06 Feb 2016 - The Food Production War Continues

It just keeps coming . . . the food critics in America complaining about the way food producers in this country treat the environment, the soil, the air, and livestock. I guess you can do that when you live in a country where there is an abundance of healthy, nutritious affordable food; a country that doesn’t depend on any other country for its food. Our farmers do it better than farmers in any country on the planet.

Let me give you an example of the criticism this past week, alone. First of all, in USA Today . . . The headline ‘More people buying natural food, but it’s unclear what that is. FDA is looking into whether the term should be legally regulated.’ My comment is . . . “Can’t we accept responsibility for what we eat and when we eat it? Do we need yet another government rule and label?”

Then there is the study released last week by the Glasgow University Media Group in Europe. The basic message of the study - ‘Remove meat from your diet and we will save the planet’. In other words, we should all quit eating meat because critics say. . . ‘Livestock production is often a highly inefficient use of scarce land and water. It is a principal driver of deforestation, habitat destruction and species loss, and it is not sustainable. A growing global population cannot converge on developed-country levels of meat consumption without a huge social and environmental cost.’ Want a plate full of grass anyone?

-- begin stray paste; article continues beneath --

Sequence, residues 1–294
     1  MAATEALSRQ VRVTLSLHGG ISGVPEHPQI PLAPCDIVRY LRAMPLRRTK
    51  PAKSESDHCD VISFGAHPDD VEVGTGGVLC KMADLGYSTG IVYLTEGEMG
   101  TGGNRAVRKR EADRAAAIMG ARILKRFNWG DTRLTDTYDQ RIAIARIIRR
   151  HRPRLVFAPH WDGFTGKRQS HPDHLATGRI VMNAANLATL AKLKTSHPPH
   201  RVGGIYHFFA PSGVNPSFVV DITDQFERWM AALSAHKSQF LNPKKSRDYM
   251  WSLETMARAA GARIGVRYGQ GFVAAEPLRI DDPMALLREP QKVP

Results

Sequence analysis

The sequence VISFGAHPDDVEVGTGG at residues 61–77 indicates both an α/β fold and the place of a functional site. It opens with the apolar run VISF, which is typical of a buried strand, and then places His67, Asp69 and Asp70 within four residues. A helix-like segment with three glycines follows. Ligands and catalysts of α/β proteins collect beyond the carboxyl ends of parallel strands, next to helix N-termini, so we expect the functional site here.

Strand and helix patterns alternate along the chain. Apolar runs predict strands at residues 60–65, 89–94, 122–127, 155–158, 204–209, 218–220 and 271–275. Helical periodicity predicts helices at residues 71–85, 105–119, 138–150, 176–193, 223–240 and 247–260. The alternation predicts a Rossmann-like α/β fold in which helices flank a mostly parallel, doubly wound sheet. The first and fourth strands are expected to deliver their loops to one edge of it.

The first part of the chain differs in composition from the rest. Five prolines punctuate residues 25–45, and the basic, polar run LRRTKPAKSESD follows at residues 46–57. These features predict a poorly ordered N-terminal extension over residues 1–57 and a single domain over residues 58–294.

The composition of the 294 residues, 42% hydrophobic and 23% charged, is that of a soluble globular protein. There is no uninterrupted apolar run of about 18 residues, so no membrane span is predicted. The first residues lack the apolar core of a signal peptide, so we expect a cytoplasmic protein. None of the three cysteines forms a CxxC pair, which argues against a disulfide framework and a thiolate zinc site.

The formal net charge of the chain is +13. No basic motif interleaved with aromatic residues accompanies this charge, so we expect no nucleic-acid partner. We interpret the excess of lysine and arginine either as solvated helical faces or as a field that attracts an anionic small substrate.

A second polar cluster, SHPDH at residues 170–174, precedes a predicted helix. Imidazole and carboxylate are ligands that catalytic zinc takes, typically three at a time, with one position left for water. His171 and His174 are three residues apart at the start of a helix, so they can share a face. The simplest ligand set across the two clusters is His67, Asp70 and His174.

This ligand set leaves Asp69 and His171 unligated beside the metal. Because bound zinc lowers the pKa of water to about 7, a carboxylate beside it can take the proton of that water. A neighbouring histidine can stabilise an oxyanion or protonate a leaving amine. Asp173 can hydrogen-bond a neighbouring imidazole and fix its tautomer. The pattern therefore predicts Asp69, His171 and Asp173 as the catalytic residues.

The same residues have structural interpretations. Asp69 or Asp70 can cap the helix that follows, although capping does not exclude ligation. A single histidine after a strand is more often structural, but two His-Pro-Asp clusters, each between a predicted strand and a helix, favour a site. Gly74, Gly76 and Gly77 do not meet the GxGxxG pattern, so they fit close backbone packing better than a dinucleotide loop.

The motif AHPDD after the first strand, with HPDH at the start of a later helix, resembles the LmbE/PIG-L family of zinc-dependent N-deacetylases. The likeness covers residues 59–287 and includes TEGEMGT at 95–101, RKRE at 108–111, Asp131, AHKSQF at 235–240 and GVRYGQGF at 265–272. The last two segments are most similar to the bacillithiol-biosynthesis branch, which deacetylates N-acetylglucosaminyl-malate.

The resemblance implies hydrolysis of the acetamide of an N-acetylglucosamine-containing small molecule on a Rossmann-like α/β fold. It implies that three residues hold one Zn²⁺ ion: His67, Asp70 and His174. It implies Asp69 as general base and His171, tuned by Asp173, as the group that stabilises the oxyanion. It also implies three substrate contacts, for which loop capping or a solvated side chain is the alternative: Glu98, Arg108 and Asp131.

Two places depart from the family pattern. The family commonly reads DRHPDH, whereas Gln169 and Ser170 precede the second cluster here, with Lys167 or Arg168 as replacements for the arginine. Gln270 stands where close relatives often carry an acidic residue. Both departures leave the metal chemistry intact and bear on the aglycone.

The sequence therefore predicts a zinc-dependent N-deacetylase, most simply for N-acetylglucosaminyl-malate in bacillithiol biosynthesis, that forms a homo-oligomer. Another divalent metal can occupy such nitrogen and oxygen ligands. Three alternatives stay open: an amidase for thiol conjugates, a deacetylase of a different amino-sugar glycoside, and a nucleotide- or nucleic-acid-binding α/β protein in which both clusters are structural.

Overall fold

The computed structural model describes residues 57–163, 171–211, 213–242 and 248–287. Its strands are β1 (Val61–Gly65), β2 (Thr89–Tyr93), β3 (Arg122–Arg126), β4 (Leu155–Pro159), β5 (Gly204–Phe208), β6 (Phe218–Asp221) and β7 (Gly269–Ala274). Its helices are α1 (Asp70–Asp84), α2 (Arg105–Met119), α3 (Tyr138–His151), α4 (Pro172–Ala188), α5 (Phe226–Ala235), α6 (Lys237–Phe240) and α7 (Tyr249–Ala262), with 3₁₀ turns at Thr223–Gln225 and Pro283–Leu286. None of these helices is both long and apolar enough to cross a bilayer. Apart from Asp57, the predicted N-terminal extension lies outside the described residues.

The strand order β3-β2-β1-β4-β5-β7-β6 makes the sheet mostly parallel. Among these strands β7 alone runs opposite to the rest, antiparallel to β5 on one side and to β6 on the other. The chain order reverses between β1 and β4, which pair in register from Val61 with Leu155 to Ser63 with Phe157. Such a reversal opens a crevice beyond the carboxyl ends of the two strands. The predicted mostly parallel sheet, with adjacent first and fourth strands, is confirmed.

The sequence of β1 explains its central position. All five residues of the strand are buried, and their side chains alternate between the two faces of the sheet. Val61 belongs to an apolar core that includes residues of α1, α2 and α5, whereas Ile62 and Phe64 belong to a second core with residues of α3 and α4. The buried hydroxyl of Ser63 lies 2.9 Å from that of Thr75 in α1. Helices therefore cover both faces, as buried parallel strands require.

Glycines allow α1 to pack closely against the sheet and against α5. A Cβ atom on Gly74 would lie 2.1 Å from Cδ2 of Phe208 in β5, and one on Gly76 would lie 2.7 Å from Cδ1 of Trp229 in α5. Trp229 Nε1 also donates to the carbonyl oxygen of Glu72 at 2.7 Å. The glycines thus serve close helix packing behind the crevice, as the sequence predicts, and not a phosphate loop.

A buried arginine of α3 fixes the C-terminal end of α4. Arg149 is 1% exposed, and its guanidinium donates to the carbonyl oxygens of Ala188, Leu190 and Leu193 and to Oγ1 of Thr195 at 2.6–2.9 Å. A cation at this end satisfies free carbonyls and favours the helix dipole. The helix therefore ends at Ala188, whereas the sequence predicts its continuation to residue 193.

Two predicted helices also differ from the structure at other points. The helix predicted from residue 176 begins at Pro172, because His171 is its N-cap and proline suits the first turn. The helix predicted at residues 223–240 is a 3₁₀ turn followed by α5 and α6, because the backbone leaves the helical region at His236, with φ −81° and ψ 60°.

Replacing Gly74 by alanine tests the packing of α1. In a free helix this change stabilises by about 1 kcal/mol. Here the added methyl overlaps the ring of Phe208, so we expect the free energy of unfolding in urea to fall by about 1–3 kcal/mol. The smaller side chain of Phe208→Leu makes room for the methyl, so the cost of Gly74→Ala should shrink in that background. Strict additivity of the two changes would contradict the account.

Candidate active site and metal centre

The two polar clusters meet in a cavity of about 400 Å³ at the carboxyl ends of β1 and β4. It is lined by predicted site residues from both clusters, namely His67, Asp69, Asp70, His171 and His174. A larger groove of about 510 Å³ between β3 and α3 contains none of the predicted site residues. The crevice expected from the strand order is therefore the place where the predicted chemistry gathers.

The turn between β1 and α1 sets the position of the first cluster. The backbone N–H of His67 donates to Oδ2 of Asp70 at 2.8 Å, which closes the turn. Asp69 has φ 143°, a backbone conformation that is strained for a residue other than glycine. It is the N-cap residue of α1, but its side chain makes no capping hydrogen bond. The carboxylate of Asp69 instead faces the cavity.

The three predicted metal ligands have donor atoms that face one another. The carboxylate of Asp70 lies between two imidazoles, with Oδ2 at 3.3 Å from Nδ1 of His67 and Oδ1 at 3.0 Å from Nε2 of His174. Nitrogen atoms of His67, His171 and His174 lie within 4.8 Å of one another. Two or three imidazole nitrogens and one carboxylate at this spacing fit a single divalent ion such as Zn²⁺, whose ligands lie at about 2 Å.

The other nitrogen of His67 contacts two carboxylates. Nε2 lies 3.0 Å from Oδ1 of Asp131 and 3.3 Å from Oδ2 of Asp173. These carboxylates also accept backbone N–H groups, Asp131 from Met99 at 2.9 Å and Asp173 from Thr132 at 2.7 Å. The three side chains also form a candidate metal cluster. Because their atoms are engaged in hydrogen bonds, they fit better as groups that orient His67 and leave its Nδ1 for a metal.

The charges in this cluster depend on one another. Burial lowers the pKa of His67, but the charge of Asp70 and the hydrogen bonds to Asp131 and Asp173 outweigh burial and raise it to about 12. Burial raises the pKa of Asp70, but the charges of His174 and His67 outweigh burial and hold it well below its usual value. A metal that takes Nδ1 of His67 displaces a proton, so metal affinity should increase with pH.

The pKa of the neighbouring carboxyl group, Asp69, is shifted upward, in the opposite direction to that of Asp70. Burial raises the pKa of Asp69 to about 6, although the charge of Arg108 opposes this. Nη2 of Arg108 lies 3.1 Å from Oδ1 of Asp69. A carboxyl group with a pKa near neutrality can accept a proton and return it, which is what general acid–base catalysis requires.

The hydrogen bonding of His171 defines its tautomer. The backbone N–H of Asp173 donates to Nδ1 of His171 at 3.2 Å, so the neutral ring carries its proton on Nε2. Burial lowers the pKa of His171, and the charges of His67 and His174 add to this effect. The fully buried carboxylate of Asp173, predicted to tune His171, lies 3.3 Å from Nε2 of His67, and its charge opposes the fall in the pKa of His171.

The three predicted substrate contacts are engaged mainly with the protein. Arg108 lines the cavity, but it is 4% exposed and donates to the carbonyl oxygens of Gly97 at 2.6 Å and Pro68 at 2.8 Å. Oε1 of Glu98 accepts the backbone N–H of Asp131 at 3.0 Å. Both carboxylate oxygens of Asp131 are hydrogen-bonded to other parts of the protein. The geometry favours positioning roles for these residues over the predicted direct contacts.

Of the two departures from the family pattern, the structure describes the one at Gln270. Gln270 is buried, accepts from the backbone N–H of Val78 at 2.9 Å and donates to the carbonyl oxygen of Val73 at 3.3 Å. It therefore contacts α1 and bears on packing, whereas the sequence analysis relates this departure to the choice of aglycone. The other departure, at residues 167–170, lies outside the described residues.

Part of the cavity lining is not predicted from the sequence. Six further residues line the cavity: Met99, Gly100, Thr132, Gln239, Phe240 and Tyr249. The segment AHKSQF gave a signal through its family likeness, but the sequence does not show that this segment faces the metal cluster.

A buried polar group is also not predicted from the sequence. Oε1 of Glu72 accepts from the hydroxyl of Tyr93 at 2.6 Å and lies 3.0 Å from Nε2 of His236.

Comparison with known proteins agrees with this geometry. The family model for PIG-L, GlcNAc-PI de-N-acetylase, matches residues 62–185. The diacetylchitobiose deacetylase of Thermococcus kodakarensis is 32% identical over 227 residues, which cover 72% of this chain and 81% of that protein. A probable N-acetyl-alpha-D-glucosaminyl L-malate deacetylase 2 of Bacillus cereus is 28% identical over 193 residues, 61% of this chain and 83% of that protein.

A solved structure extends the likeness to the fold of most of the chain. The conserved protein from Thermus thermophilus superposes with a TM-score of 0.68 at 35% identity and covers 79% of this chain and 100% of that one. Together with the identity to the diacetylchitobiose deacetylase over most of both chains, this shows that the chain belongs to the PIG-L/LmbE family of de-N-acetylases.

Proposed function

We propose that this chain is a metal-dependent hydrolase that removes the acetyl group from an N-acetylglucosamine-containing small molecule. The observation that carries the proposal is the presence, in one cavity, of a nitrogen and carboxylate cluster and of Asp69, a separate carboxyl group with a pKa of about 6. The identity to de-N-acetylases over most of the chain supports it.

Finally, a criticism that makes no sense at all, but then why should it? It comes from PETA, People for the Ethical Treatment of Animals. Emily Rohr, activist for PETA, wrote an article that is very critical of the FFA organization, telling FFA members they should change their rules of living for growth and development as outlined in the FFA Pillars of Leadership. Pillars that say things like:
-Develop my potential for premier leadership, personal growth and career success
-Make a positive difference in the lives of others
-Dress neatly and appropriately for the occasion
-Respect the rights of others and their property
-Be courteous, honest and fair with others
Those are just some of the Pillars of Leadership in the FFA. Emily Rohr says to throw them out, become vegans, accept the PETA rules and stop mistreating their animals. In all the years I have covered PETA activities, they have never made any sense to me.

Finally, a personal note - Thanks to the National Cattlemen’s Beef Association for honoring me at their convention in San Diego with a Lifetime Achievement Award. I deeply appreciate it, I thank you and keep producing that quality beef!

My thoughts on Samuelson Sez.